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+ Various Artists - Tibetan And Bhutanese Instrumental And Folk Music, Volume 2
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+ Calexico - Garden Ruin (Review #2)
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+ The Glass Family - Sleep Inside This Wheel
+ Various Artists - Songs For Sixty Five Roses
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Ani DiFranco
So Much Shouting, So Much Laughter
Righteous Babe

Ani DiFranco's reputation as Buffalo's hardest working, perennially independent and always innovative folk singer is permanently solidified, thanks to a ceaseless tour schedule (and the release of a new album a year). DiFranco's career was constructed on a solid tour routine; her road trips have allowed her to amass cadres of devoted fans.

Explosive, feckless, urbane, Ani DiFranco glows with an onstage magnetism. She simply shines under the spotlights, even more so than on record. And fans understand.

So does DiFranco.

Not to generalize, but most artists who release live albums miss the point. Rarely do such albums accurately capture the essence or the artistry of a live show; instead they seem derivative. DiFranco, again, shatters industry standards. Her live albums are visceral testaments to the intensity of her performances. They do not pander to fans; they're not simply souvenirs.

Her first live album, 1997's double-disc Living in Clip, was a revelation. The album humanized DiFranco, capturing wry, witty stage banter, her sordid stories and, most importantly, puissant versions of recorded material. Living in Clip altered the world's perception of DiFranco, and perhaps that was its greatest achievement. When she was relatively unknown, save for the coffee-house/college circuit, Living in Clip amazed people, highlighting DiFranco's riveting performances. Rough around the edges, the album was underproduced, in a sense. But it was honest.

Since '97, DiFranco has matured, naturally, as a musician, as a businesswoman, as an artist. She continues to pen provocative lyrics. She is a peerless writer, a true poet, and she has since released an impressive batch of four studio albums. Her band, no longer a stripped-down bass-drums-guitar trio, now includes a proper brass section. And she continues to amaze onstage.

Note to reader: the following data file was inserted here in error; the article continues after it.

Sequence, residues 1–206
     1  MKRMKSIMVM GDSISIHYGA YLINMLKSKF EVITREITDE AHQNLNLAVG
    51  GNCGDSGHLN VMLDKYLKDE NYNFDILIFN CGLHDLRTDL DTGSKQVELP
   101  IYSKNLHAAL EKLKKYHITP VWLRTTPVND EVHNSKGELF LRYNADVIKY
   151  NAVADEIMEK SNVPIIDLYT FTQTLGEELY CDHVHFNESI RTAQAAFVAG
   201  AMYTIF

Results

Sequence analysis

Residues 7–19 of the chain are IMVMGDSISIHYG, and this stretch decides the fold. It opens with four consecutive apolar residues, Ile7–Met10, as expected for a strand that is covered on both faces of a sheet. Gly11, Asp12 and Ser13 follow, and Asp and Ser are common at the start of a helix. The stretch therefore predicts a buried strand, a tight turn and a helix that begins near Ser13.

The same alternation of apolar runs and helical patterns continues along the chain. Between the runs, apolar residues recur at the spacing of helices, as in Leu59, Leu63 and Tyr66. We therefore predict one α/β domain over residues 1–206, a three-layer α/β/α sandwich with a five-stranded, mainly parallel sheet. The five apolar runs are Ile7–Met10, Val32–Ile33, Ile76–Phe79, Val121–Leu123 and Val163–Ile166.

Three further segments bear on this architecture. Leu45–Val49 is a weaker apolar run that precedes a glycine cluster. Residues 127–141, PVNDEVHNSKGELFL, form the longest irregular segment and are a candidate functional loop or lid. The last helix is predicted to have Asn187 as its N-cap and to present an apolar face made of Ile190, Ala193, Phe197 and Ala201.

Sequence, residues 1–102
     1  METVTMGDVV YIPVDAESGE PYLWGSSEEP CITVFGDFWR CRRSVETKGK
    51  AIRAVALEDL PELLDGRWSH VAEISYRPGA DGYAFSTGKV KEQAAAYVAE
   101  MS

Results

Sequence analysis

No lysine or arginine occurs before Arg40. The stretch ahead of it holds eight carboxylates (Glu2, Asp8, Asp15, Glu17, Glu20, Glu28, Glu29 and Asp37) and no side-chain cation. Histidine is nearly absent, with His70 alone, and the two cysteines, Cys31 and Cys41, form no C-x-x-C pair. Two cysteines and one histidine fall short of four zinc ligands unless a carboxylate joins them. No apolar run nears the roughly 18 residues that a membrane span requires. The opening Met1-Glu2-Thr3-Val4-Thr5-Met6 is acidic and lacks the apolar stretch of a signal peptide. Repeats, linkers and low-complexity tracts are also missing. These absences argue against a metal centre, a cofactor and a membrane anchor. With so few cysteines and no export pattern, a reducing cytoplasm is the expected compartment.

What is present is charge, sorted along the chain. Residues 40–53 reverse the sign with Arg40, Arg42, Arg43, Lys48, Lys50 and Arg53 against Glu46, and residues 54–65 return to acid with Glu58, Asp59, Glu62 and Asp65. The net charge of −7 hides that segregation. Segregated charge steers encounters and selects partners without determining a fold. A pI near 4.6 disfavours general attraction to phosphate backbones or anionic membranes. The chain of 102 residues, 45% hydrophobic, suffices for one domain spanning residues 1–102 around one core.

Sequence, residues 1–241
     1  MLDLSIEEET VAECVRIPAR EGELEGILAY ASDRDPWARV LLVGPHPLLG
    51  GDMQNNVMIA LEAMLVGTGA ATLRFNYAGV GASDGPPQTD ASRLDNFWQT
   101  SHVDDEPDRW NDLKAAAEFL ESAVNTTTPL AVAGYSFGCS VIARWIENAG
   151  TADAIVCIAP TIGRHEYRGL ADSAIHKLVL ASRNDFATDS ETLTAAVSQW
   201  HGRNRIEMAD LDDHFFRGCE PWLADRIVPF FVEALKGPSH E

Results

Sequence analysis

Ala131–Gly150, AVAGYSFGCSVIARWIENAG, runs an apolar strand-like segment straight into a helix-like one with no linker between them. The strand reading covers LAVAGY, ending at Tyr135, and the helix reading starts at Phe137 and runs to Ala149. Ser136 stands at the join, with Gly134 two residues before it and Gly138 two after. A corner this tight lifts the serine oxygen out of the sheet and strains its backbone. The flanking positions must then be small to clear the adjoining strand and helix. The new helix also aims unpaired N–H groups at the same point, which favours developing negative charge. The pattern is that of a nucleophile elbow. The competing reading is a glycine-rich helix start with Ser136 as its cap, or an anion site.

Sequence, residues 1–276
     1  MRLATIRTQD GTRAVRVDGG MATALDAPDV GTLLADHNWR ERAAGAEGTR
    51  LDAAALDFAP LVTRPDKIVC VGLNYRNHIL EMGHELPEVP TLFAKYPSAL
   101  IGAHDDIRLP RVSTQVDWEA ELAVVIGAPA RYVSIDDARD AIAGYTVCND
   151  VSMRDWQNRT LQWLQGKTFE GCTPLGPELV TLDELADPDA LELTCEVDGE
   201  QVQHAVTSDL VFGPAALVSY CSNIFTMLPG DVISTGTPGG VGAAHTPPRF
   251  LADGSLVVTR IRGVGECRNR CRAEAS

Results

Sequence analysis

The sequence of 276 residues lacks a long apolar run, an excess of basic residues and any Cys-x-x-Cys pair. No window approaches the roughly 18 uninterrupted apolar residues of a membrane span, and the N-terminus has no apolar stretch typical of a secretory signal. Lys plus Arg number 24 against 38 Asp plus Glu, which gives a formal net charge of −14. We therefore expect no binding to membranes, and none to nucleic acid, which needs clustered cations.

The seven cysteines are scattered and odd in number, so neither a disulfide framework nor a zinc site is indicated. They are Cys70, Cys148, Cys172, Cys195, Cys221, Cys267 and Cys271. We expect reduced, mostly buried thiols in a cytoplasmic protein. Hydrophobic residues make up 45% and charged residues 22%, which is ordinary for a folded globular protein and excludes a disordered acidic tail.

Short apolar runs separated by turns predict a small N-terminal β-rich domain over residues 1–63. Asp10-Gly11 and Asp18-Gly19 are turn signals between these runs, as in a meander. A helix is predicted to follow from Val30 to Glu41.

So Much Shouting, So Much Laughter is very much a companion album to Living in Clip, but it would be disingenuous of DiFranco to release an album that failed to account for her expanded musical horizons. Or, in other words, Living in Clip 2. Yet So Much Shouting... is in some ways a weaker album.

Missing are the between-the-song quirks. DiFranco is still blithe, even playful live, but the album fails to capture such moments. Though DiFranco's band touts its jazz influences, with freeform instrumentation and an added jam sensibility, the album feels stolid, rigidly structured, and uninspired in many ways. Living in Clip was masterful. So Much Shouting... is proficient.

Another quibble: out of the 23 tracks, eight are culled from last year's opus Revelling/Reckoning, a thoughtful album, but new nevertheless. To have a similar track listing when DiFranco's oeuvre is so vast is disappointing. Not to mention that live, many songs resemble their recorded versions. Interested fans should just check out Revelling/Reckoning, instead.

There are exceptions, though. DiFranco's commanding singing — her voice seamlessly transmogrifies from whisper to battle cry — rescues "Swan Dive." DiFranco's angst manifests itself in her staccato, breathless delivery as on the spoken word "Tamburitza Lingua." "Grey" drips with aching piano, serving as an overwhelming expression of emotional devastation.

The album's centerpiece, though, does not surface until the middle of the second disc. "Self Evident," a post-9/11 rumination, has to be one of DiFranco's most polemical, unbridled poems yet. Horns temper the backdrop as she rails poetically against the government. Her eloquence augments her message. It's mesmerizing to listen as DiFranco rhapsodizes about the devastation of New York City. Chilling as she recounts past injustices ("Get our government to pull its big dick out of the sand of someone else's desert/ Put it back in its pants and quit the hypocritical chants of freedom forever"). And inspiring, as she dictates her manifesto ("And we hold these truths to be self evident: #1 George W. Bush is not president/ #2 America is not a true democracy/ #3 the media is not fooling me").

DiFranco includes two other unreleased songs for good measure, but their homogenous, largely horn-blasted sound is unremarkable amidst her more potent material. "Shrug," one of the new songs, is pleasant, up-tempo pop, but it feels somewhat soulless, and that's not what we want from DiFranco.

So Much Shouting, So Much Laughter is not a bad album; it's a portrait of two years on tour. But as with any picture, it is impossible to capture every grand moment. Living in Clip heralded a newfound success, catapulting DiFranco into more mainstream consciousness. This album might make for a storied closing, hopefully serving to usher in a fresh artistic vision.

by Brian Orloff

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